Ghulam Ahmad Ashai, also spelled Ghulam Ahmad Asha’i and Khwaja Ghulam Ahmad Ashai. He was a Kashmiri bureaucrat and political leader. Spencer Lavan tells us that he was an Ahmadi in 1931, Lavan reports that Asha’i was on the Glancy Commission of 1931 (See page 150 and 152). However, he seems to have quit Ahmadiyya soon thereafter, since none of his children were Ahmadi and the Ahmadiyya movement has never mentioned him as a member. He might have also been an undercover Ahmadi working in Kashmir, there were so many in these days. At the end of the Glancy Commission, Ghulam Ahmad Ashai refused to sign the paperwork (see Ian Copland, 245).
He was the grandson of Rayees-ul-Waqt Hajji Mukhthar Shah Ashai. The ‘Ashai Bagh Bridge’ over Nigeen Lake and Dal Lake is named after Ashai’s ancestors. Before moving to suburban Srinagar, the Ashais lived at the ‘Ashai Kocha’ in Fateh Kadal, Srinagar. The historic Ashai mansion now hosts a Girl’s high school. Ashai’s hut in Raj Bagh has been converted into a hotel. Popularly known as Ashai Sahib by his colleagues, political contemporaries and subordinates, Ghulam Ahmad Ashai was the first Kashmiri Muslim to attain a bachelor’s degree. Ashai secured first class in the B.A. (Bachelor of Arts) examination of the Punjab University with the distinction of topping the list of candidates in 1915. He then gained his M.A. (Master of Arts) in Persian from Calcutta University. He obtained first division and was awarded His Excellency the Chancellor’s Gold Medal and the highest cash prize of Rs.200. He gained his B.T. (Bachelor of Teaching) from the Punjab University. He also passed the Munshi Fazil Examination from the same university which earned him an additional degree of M.O.L. (Master of Oriental Languages). He successfully competed for the Senior Forest Service of the State of Jammu and Kashmir with distinction but opted out of it.
Sheikh Abdullah and his colleagues were greatly influenced by the lectures of a Kashmiri polymath and lawyer Molvi Muhammad Abdullah. Molvi Abdullah‘s son Molvi Abdul Rahim, Abdullah Sheikh and Ghulam Nabi Gilkar were the first three educated Kashmiri youth to be arrested during the public agitation of 1931. He seems to have been an Ahmadi in 1931, as his biographer tells us, see page 68. He was also reported by a Britisher who was living in Kashmir at the time as part of a group of Qadiani’s (see Spencer Lavan). This Britisher was the whistle-blower who broke the story.
1931, August 15th
Muslim representatives gave an address to the Maharajah on 15 August. These representatives included Mirwaiz Moulvi Mohammed Yousuf Shah, Mirwaiz Hamadani, Syed Hussain Shah Jalali, Saad-ud-din Shawl, Sheikh Mohammed Abdullah, Ghulam Ahmad Ashai, Yaqub Ali, Munshi Shahab-ud-Din, Ghulam Abbas and Gauhar Rehman. The Government ordered the release of some Kashmir Leaders. They, however, impressed upon the Government that unless their demands were accepted, there was no sense in releasing them. The Government thereupon allowed them to present a memorandum of their grievances to the Maharaja. The initial draft was prepared by Ghulam Ahmad Ashai (Qadiani). It was carried to Lahore by A.R. Dard to be shown to the AIKC. It was still under scrutiny when Abdullah was arrested on 21 September. A public meeting was held in Srinagar and a ‘War Council’ was formed to carry out the agitation.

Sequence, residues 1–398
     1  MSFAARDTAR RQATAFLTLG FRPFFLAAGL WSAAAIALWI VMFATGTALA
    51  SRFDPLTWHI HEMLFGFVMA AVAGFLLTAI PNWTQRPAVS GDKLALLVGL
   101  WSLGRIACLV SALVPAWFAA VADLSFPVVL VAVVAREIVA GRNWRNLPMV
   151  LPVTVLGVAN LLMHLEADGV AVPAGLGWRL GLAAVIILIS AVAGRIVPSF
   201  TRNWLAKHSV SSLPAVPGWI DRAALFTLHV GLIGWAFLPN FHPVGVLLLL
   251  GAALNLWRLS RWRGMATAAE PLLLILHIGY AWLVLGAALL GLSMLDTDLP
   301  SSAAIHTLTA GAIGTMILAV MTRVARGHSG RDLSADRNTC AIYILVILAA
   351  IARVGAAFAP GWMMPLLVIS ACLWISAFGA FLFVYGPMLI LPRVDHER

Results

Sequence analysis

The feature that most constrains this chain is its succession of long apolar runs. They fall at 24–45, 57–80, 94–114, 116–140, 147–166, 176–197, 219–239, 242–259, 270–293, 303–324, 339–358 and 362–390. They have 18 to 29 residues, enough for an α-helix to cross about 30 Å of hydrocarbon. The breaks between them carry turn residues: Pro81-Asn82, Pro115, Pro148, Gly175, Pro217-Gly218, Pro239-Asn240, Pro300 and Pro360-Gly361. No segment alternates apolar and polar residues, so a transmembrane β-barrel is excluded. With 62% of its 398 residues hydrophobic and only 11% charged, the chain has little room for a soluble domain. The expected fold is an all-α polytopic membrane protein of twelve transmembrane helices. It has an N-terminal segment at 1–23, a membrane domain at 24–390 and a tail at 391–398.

Sheikh Abdullah with other leaders of the 1931 agitation.
Sitting R to L: Sardar Gohar Rehman, Mistri Yaqoob Ali, Sheikh Abdullah, Chaudhary Ghulam Abbas. Standing. R:Molvi AbdurRahim, L:Ghulam Nabi Gilkar
Kashmir’s first political party the Kashmir Muslim Conference with Abdullah Sheikh as President, Chaudhary Ghulam Abbas as general secretary, and Molvi Abdul Rahim as Secretary was formed on 16 October 1932. In his presidential address Abdullah Sheikh categorically stated that the Muslim Conference had come into existence to struggle for the rights of all oppressed sections of the society and not Muslims alone. It was not a communal party and would struggle for the rights of the oppressed, whether Hindu, Muslim or Sikh, with the same fervor. He reasserted that the struggle of Kashmiris was not a communal struggle.
Sheikh Mohammad Abdullah appointed Ghulam Ahmad Ashai as the first Registrar of the University of Kashmir, both for academic and administrative matters. He led the first convocation of the University of Kashmir at Sher-e-Kashmir (Lion of Kashmir) Park and was followed by a distinguished panel including the first Prime Minister of India, Jawaharlal Nehru and the Pro-Indian Sheikh Abdullah. Ashai’s involvement with Kashmir University started when he was appointed as the Special Officer assigned with the responsibility of starting Kashmir’s first university. Ashai spent the next two years touring universities across India building up strategic ties and relations with renowned and established universities.
Ghulam Ahmad Ashai was married to Jana Begum, the only daughter of Khwaja Amir Shah of Varmul, a wealthy Kashmiri nobleman. Ahmad and Jana had ten children; four sons and six daughters. It doesn’t seem like these people are Ahmadi’s.
Links and Related Essays
Copland, Ian, “Islam and Political Mobilization in Kashmir, 1931-34”, which was published in an academic journal entitled: “PACIFIC AFFAIRS”, Vol. 54, No. 2 (Summer, 1981), pp. 228-259 (32 pages), Published by: Pacific Affairs, University of British Columbia
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